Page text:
South Australia’s 280MW Cultana Solar Farm could see works begin as early as July 2020, with the tendering process already underway.
SIMEC Energy Australia is delivering the project through an Engineer, Procure and Construction (EPC) partnership with Shanghai Electric.
SIMEC CEO, Marc Barrington, said final regulatory approvals and a transmission connection agreement were expected in the coming months, with financial close on track for the July Quarter of 2020.
Mr Barrington said the planned 13-15 month construction period could then commence straight away with potential completion by the end of 2021.
“All of our financing is sorted and our contracting structure is all sorted, really it’s just awaiting the outcome of the regulatory processes,” Mr Barrington said.
“We’re already going to tender at the moment for a whole bunch of works – everything from perimeter fencing through to security service providers, and we’ve undertaken many phases of early works so we can go very quickly once we get those final regulatory approvals.”
The solar farm site is on 1100 hectares to the north of the Whyalla Steelworks and is set to house 780,000 solar panels capable of generating 600GWh of energy generation per year, enough to power 96,000 homes.
The project will also use a new technique during construction where the ground is rolled flat to allow the panels to be installed, rather than graded, to remove all vegetation.
Mr Barrington said the project would also be the first of its kind in Australia to use an automated robotic vehicle to clean the panels with compressed air and brushes, helping to limit the use of water on the site.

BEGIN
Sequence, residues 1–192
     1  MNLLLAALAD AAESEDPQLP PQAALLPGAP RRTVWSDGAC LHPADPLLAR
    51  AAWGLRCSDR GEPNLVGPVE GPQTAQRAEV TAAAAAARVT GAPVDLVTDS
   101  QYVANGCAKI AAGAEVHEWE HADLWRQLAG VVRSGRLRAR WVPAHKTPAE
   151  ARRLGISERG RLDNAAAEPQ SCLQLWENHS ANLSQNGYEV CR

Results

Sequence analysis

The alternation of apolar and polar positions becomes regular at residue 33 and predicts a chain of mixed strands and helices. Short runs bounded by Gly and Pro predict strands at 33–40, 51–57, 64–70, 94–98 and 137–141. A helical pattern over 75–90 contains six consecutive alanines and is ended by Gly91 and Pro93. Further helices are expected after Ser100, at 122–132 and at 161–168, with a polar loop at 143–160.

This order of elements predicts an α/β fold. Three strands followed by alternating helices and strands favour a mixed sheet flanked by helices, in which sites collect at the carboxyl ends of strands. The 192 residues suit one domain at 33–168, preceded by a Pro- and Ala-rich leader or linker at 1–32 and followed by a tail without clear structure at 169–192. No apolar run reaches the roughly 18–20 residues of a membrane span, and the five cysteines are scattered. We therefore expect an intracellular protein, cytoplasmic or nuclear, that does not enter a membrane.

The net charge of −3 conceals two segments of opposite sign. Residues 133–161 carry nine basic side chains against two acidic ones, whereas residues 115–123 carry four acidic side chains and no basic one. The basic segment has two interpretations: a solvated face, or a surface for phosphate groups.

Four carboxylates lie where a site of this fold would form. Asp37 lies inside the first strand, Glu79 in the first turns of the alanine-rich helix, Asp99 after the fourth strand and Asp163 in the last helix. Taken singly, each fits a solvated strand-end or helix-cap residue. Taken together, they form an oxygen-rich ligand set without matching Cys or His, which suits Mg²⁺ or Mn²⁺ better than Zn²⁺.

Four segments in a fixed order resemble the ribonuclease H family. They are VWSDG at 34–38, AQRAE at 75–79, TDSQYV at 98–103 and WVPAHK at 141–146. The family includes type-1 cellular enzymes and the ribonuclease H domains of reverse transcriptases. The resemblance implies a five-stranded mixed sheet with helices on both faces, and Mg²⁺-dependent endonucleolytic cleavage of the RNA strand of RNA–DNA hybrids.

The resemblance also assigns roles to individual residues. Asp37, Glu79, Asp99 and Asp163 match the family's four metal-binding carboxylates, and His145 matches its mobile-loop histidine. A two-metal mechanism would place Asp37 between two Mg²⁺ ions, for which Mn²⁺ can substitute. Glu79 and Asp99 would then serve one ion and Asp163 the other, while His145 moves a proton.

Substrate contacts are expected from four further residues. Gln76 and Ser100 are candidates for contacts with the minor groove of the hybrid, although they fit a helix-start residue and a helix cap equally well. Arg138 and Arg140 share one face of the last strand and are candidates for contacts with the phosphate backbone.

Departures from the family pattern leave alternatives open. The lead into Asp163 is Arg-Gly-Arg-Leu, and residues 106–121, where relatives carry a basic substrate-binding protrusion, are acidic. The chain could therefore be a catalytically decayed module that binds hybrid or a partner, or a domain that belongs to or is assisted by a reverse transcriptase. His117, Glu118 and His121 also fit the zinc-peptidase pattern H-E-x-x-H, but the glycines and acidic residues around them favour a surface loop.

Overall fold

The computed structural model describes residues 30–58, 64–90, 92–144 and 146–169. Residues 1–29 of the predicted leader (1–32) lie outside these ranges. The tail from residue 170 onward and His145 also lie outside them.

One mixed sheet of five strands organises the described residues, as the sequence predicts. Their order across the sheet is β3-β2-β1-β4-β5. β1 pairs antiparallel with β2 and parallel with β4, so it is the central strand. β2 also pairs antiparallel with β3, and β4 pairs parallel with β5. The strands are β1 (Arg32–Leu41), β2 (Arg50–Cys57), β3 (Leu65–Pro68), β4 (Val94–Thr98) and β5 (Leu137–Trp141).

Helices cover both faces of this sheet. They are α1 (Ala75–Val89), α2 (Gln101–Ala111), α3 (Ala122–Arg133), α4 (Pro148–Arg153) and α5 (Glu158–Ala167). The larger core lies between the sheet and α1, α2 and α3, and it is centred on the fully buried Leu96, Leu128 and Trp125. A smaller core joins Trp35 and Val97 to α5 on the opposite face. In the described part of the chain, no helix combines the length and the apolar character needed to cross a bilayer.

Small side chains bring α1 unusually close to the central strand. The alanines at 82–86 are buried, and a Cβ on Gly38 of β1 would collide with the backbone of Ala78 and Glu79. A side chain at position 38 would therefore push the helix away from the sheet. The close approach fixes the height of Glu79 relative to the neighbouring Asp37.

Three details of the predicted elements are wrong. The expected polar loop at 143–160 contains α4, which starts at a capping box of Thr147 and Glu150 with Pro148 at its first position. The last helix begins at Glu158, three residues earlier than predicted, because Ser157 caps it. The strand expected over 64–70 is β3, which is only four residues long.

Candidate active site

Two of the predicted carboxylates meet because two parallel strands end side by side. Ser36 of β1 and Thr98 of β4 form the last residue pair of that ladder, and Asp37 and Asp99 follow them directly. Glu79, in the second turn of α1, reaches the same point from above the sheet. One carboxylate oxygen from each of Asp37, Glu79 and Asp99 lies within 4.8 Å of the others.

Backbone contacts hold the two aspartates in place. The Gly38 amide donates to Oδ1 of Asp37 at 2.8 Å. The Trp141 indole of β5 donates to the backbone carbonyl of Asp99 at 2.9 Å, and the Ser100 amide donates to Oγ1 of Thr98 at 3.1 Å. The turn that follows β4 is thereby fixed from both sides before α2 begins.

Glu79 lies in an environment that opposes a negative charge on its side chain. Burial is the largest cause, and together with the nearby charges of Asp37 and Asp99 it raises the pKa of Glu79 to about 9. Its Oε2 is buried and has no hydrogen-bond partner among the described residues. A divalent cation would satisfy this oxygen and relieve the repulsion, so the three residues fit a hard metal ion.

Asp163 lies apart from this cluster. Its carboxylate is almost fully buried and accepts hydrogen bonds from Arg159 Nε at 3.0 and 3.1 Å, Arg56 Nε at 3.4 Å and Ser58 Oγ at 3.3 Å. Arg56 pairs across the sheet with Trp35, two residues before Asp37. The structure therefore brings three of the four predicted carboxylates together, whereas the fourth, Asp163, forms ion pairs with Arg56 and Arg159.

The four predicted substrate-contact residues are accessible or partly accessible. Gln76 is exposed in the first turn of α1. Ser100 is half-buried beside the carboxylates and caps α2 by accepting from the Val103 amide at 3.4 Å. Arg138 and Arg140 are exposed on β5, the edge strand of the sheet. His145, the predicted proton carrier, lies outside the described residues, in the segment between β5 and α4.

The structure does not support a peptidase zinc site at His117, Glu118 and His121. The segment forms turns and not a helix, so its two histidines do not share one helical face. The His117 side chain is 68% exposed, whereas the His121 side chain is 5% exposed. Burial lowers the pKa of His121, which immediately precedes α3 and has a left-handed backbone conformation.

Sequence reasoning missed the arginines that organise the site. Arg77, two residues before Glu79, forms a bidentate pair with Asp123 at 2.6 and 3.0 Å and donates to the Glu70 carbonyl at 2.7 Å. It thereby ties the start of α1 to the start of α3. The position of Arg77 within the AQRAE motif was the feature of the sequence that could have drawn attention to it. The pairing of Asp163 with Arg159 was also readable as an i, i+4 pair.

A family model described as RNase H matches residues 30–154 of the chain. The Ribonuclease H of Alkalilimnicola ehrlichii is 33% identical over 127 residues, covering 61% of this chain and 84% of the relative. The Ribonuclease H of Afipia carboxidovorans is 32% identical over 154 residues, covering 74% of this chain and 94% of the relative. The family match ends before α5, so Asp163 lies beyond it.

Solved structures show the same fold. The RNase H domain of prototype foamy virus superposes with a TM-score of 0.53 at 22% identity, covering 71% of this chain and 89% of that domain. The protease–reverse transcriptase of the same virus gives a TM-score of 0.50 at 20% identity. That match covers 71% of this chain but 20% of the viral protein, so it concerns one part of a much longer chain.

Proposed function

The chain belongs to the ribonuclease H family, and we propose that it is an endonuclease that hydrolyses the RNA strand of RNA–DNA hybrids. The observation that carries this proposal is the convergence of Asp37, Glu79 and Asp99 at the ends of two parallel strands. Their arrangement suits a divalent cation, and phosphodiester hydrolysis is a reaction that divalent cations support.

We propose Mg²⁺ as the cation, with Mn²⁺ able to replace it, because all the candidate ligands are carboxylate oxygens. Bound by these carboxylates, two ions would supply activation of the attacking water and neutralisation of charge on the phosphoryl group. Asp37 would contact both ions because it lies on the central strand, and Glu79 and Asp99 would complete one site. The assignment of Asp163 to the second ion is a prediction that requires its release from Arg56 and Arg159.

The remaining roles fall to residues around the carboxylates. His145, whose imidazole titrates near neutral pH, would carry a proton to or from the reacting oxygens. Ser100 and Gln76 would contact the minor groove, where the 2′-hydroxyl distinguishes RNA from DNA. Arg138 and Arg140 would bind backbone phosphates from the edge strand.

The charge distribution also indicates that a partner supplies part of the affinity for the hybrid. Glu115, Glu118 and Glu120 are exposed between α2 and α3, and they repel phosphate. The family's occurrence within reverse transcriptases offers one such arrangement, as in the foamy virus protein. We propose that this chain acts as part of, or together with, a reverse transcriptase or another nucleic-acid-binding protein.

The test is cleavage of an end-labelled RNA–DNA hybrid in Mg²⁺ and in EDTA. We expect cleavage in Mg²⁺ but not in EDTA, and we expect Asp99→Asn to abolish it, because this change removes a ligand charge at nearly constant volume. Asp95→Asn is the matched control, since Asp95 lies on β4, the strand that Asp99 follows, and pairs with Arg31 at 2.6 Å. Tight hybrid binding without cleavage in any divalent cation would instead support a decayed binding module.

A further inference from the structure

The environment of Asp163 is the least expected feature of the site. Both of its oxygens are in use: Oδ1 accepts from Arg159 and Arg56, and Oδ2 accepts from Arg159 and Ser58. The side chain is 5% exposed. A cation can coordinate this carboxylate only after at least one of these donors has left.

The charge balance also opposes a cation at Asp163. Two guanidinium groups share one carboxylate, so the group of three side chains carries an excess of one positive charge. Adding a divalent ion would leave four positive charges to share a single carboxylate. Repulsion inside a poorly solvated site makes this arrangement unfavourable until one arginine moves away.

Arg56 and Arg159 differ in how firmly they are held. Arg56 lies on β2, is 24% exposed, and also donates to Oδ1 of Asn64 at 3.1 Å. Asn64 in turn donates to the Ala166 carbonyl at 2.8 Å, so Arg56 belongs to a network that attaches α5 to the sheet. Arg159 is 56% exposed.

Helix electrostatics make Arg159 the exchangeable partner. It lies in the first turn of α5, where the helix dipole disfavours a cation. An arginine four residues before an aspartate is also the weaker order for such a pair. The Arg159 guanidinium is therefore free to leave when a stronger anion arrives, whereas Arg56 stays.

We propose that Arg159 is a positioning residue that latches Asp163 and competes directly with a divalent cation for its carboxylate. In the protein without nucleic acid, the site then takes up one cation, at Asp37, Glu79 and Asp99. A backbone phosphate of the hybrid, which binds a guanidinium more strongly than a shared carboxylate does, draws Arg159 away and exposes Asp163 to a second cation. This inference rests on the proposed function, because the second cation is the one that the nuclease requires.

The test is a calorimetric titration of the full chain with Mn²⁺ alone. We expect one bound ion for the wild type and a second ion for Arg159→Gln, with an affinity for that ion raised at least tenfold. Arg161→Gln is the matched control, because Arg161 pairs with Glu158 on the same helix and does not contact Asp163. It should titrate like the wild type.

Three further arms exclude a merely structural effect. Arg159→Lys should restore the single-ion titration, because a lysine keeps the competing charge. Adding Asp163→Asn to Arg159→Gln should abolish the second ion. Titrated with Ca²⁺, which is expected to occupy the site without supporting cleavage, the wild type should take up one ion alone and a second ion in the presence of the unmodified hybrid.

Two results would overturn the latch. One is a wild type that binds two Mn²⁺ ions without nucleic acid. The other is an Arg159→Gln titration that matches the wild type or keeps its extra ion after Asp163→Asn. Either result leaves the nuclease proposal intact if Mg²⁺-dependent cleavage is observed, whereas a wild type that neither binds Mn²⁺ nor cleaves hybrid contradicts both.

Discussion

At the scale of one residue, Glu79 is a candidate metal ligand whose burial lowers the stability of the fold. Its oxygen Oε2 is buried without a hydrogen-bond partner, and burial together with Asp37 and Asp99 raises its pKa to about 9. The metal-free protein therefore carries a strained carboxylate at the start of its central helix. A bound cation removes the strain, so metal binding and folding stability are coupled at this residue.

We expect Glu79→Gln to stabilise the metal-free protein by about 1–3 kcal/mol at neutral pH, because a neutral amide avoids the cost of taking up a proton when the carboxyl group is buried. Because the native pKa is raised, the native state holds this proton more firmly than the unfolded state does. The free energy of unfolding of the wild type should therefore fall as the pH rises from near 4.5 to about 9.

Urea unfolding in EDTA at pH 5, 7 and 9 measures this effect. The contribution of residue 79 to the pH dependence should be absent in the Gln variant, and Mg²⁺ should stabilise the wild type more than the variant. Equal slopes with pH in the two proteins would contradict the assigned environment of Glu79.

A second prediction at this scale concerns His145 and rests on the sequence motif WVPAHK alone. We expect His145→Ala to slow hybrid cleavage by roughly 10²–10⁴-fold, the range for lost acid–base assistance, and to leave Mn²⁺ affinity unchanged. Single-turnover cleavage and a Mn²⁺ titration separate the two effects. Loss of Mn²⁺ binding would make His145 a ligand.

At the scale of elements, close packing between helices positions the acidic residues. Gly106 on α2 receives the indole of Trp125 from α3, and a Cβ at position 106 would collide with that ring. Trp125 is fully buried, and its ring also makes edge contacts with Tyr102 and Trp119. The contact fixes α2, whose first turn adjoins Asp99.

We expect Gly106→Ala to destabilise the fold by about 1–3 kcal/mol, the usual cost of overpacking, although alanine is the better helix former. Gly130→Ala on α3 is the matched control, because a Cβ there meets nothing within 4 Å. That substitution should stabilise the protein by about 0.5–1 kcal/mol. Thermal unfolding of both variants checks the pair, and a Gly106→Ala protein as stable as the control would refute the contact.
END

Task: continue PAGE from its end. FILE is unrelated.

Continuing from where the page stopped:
Industrialist Sanjeev Gupta began investing in South Australia in 2017 when he purchased the Whyalla Steelworks from Arrium, and announced the Cultana Solar Farm as part of his one‐gigawatt dispatchable renewable energy program in August 2018.
Mr Gupta has also announced a $600 million plan to expand and modernise the Whyalla Steelworks.
Other proposed GFG Alliance energy projects in South Australia’s Spencer Gulf region include the 100MW Playford Utility Battery at Port Augusta and the Middleback Range Pumped Hydro Project on Eyre Peninsula.
Mr Barrington said the Playford battery project was awaiting the outcome of a grant application with the Australian Renewable Energy Agency (ARENA) while pumped hydro storage as well as other solar and wind locations around Australia were also being considered.
“It is all part of Sanjeev’s plan of bringing green steel to a reality, and also to bring better-costed power to Australian manufacturing,” Mr Barrington said.
“We don’t have a behind the meter connection, we will connect straight into the grid but the steel mill will have contracts in place that will effectively utilise the financial hedge that comes out of the solar farm, so it’s certainly going to be put to good use.”